I feel like I’ve lost my best friend.
....I did lose my best friend.
Give me a minute....
Today was that day.
I got up, called for her, and she didn’t come, but that in itself is not that unusual. She can be quite stubborn and independent sometimes. I called for Bootz too, my cat, but she just meowed from the dresser where she liked to lay at night. So, all as it should be, I got myself out of bed to start my day. If Lola hasn’t beat me to it, I would check their bowls, putting fresh Whiskas out for Bootz, and a bowl of dry Pebbles cereal out for Fluffy. I tried every type of pet food for Fluffy, but she only seemed to like Pebbles. I’d fill their water bowls, and then I would put on a pot of coffee and get myself ready for the day. Hearing me fill the bowls, Bootz would come running and start brushing between my feet like cats do, but Fluffy would never come and do that, she would wait until Bootz had her fill and then eat when she felt hungry. She never begged or made a fuss about food. I liked that about Fluffy. I was always a sucker for animals that would look at you with soulful eyes and a whimper to get a table scrap morsel.
If Bootz or Fluffy were tableside beggars, I know I would have to phone Jenny Craig to see if she has a pet plan, because I wouldn’t have the heart not to pass them some of whatever I was eating at the time. I could just see the commercials, Kirstie Alley, Valerie Bertinelli, Bootz, and Fluffy showing their before and after pictures, and their fat clothes, while I would be sentenced to a 12 step program for pet over feeders. A fate I’m glad we’ve all been spared.
After showering and getting dressed, I went out to the mailbox to check the mail, and get the morning paper like I would do every morning. I can remember trying to teach Fluffy to fetch the morning paper, but her stubborn nature became very apparent at a very early age. Many a morning I would drag her outside, show her the paper and try everything I knew about training animals to fetch it in, but to no avail. She would just look at it and sit on the paper and refuse to budge. It didn’t take me long to give up on my futile paper fetching training and just go get it myself every morning. But to my amazement, Fluffy seemed to have learned that the paper was something to sit on, and every morning she would plant herself on the table sitting squarely on top of my paper while I poured a fresh coffee. It would become a staring game which I always lost and would have to pick Fluffy up and put her on my lap to even get a glimpse at the morning news. She may have been stubborn, but she did like her attention too. I guess, as an afterthought, I never had a soggy, chewed paper to read.
It was when I poured my coffee and had my paper in place ready on the table to start our staring game that I found her. She just lied there, lifeless, under the kitchen table. I’ve had many pets in my life, but none have had the impact of Fluffy. I stood there for what must have been only minutes, that seemed like hours, before I ran to wake up Lola for I didn’t know what to do next. I usually am usually rock solid in times of crisis or emergency, but this was my pet, my Fluffy, and I just couldn’t wrap my head around what was happening. I knew Lola would know just what to do or say to get me through this. It’s not that Lola wouldn’t be upset too, but Lola didn’t have the same attachment to Fluffy that I did. When we first got married, Lola couldn’t warm up to Fluffy at all, because she didn’t care for hairless pets. But that changed over time too, for I know Lola loved Fluffy just as much as I did, but I know she wouldn’t admit it.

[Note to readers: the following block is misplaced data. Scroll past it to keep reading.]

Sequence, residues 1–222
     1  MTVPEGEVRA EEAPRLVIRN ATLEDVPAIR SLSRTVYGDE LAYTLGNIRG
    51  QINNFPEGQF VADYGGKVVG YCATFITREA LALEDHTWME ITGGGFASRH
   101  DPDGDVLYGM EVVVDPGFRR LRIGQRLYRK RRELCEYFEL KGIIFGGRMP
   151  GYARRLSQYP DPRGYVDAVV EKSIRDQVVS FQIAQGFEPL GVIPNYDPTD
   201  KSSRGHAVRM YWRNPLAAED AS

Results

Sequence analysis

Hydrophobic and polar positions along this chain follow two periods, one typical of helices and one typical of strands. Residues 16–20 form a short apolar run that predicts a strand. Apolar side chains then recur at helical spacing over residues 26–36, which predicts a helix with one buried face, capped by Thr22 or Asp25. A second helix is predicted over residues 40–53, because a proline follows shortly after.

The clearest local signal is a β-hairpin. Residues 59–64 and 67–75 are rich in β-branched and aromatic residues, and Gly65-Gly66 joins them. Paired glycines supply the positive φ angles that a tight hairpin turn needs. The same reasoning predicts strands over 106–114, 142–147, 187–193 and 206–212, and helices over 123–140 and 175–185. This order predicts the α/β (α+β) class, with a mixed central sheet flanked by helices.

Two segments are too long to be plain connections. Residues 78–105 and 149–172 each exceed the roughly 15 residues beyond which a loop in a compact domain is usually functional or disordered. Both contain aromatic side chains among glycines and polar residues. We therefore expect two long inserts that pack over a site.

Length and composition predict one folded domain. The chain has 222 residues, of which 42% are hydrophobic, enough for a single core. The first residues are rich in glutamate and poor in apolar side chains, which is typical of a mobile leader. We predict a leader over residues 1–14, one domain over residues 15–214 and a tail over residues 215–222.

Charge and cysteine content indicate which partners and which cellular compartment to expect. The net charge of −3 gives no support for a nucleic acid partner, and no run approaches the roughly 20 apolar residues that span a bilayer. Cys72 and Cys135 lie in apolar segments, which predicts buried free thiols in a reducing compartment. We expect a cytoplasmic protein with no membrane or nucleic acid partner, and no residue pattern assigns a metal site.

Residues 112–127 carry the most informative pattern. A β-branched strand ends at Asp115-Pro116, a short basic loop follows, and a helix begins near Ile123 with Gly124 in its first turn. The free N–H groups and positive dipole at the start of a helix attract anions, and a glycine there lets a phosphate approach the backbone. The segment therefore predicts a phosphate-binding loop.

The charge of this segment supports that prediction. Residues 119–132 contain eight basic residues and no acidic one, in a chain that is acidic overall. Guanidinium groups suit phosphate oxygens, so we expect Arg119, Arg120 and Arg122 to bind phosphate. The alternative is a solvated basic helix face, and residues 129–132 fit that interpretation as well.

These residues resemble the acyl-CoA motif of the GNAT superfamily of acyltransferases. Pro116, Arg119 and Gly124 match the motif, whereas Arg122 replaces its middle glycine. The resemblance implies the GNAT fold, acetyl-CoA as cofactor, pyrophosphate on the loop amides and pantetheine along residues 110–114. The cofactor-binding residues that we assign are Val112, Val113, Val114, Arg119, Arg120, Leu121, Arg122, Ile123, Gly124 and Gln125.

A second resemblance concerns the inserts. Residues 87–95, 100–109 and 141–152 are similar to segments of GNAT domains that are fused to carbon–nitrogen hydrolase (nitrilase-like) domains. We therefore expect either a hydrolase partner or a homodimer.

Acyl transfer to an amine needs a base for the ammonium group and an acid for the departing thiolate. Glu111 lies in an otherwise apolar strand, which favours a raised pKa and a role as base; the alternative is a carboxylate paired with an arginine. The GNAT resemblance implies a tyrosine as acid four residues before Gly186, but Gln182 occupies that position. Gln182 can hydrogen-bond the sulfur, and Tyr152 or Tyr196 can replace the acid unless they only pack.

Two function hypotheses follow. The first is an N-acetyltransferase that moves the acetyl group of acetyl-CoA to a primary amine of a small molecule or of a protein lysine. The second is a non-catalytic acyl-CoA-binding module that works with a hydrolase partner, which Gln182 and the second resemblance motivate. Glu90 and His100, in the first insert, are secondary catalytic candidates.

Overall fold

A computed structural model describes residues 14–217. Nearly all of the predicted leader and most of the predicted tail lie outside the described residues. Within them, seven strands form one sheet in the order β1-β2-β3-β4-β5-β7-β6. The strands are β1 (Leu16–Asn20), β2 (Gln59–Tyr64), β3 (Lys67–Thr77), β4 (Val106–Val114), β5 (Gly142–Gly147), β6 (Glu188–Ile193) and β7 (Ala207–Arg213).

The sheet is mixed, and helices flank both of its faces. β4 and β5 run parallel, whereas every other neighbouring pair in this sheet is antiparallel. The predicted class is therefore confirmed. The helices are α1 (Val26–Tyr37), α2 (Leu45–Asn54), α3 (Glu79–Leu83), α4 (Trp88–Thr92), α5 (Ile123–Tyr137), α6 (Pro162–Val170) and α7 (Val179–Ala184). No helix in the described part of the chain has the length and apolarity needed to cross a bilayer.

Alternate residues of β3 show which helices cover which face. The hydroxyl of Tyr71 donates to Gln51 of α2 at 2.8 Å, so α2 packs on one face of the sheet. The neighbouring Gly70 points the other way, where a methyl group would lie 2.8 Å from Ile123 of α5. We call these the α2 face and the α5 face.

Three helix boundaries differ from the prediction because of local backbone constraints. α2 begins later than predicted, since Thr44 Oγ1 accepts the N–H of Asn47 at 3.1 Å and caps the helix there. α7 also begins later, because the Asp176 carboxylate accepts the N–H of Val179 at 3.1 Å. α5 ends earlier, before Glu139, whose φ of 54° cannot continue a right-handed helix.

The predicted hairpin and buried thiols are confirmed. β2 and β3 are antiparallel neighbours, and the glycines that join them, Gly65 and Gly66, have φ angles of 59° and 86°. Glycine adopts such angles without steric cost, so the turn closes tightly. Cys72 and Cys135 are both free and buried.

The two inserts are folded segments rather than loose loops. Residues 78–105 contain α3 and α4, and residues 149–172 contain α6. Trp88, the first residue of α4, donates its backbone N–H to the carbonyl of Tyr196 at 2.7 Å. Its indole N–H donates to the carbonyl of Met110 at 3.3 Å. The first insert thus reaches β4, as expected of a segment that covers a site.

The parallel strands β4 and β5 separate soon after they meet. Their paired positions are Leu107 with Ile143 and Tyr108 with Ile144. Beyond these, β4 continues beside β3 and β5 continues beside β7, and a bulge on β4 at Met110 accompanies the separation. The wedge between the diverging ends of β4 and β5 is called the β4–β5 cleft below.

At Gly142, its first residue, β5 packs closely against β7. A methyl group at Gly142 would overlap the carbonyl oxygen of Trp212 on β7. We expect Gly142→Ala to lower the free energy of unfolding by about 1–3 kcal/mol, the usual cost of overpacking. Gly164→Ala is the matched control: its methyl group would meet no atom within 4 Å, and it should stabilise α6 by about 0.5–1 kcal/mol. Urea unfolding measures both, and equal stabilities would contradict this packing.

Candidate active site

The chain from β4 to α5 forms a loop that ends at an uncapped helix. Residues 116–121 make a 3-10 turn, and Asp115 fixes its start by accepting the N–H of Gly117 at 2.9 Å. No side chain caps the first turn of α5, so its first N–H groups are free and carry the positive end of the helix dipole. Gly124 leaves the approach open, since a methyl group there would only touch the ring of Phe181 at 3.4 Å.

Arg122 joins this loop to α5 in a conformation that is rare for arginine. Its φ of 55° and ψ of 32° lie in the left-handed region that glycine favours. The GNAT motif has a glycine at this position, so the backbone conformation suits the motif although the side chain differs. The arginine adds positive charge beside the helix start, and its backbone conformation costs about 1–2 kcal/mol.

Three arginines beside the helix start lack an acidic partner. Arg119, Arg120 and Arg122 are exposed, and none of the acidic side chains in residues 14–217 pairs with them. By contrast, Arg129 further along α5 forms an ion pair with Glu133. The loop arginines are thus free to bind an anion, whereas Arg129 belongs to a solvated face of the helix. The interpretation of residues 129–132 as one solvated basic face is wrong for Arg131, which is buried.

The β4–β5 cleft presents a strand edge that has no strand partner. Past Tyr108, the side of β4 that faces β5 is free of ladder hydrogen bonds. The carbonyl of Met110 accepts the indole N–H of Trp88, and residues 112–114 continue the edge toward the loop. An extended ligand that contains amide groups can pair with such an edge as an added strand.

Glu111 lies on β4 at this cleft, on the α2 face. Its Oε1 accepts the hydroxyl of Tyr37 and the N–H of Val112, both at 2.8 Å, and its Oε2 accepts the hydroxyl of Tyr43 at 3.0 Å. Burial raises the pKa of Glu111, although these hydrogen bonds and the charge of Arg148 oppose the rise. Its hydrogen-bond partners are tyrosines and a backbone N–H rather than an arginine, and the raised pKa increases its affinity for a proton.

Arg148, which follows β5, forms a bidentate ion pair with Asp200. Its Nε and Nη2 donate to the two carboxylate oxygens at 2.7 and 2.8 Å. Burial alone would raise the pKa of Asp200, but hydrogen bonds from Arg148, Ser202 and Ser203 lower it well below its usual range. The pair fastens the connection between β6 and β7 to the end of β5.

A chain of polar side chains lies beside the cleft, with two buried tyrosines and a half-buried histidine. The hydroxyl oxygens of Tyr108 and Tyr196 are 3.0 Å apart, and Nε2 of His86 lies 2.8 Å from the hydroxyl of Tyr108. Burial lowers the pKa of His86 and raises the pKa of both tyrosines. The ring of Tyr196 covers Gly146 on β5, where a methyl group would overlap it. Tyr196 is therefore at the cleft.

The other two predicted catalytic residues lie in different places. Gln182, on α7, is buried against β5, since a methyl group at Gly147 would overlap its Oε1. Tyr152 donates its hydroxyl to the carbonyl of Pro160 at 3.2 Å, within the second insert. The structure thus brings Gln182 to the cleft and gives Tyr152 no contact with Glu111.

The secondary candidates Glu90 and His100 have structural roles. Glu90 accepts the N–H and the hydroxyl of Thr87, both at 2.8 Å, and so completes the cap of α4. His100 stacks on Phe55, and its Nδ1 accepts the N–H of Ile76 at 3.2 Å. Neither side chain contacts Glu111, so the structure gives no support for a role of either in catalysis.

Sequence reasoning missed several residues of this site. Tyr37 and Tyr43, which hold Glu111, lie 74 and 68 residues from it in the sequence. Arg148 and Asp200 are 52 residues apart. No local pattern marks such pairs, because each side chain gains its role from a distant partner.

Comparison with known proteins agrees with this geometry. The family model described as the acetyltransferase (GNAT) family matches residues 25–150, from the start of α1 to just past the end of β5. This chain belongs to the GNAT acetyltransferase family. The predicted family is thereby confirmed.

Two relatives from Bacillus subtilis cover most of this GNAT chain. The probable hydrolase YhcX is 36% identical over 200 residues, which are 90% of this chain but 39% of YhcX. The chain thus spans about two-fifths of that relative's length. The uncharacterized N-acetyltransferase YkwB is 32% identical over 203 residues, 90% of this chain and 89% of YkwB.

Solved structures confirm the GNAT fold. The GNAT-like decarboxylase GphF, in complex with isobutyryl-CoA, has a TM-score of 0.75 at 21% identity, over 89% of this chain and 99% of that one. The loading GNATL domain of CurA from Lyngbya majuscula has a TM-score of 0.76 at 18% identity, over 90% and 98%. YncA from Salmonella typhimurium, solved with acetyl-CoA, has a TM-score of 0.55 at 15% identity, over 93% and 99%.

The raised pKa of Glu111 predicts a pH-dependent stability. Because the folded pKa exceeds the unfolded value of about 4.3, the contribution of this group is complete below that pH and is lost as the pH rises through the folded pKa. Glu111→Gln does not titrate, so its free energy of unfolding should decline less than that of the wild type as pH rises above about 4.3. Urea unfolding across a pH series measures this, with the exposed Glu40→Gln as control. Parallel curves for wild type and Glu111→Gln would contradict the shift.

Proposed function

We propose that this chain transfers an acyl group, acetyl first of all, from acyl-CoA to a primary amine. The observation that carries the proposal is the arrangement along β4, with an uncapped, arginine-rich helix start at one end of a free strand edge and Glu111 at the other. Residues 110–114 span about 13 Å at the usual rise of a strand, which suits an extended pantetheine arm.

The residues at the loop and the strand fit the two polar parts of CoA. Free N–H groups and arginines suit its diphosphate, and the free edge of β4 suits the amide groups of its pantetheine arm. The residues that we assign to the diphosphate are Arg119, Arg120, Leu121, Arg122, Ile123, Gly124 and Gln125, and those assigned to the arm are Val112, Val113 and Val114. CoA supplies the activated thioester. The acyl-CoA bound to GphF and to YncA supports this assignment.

Lola did take care of everything for me and Fluffy. She phoned Jodi and my parents, she calmed Jason down too, for he took it quite hard as well. For the first time in a crisis, Lola was the rock, and I was the puddle of mush, but I knew she was taking it hard too. She just wasn’t letting me see it so she could be there for me. I knew, we both knew that this was going to happen someday, but we aren’t fanatical about pets...I mean...We knew we would lose Fluffy because she was really getting on in years, but we were not the type of pet owners to plan lavish pet funerals, buy expensive plots and such. But we were also not going to let a Vet dispose our beloved Fluffy either. We planned a simple little pet funeral in the back yard with a nice pet memorial. Fluffy was a special member of our family, and this seemed to be perfect to remember her by.
My entire family did come and bid their personal farewell to Fluffy. They came at different times, and bid farewell in different ways. My mother seemed to take it especially hard. It was mom that got Fluffy for me in the first place in spite of my dad’s objections. Dad always felt that you shouldn’t give animals to anyone as a gift because the person may not be prepared for the responsibility of a pet. He argued that a pet would be a novelty gift at first, but once the novelty wears off they would have to take responsibility for Fluffy. She argued that I was fifteen years old and could take good care of Fluffy. Dad was proud that I proved him wrong that Christmas those many years ago.
And now I’m bidding my own farewell to my beloved Fluffy. I will never forget that Christmas morning in 1975 when I got the whole family up to open gifts. Mom always had little Christmas tricks that she loved to pull with presents. She would wrap small things in big boxes, wrap batteries separately if a present needed batteries, all in an effort for me not to be able to guess what the presents were. Mostly I could guess and often guess right. I had no idea about Fluffy though.
She was a real surprise.
To my Fluffy,
If there is a pet heaven, I know you are happy.
You were the best Pet Rock a person could ever have.
I will miss you
Fluffy Sirianni, December 1975-January 2008
Fluffy and Cocoa (Mom's Cockapoo) at play 2002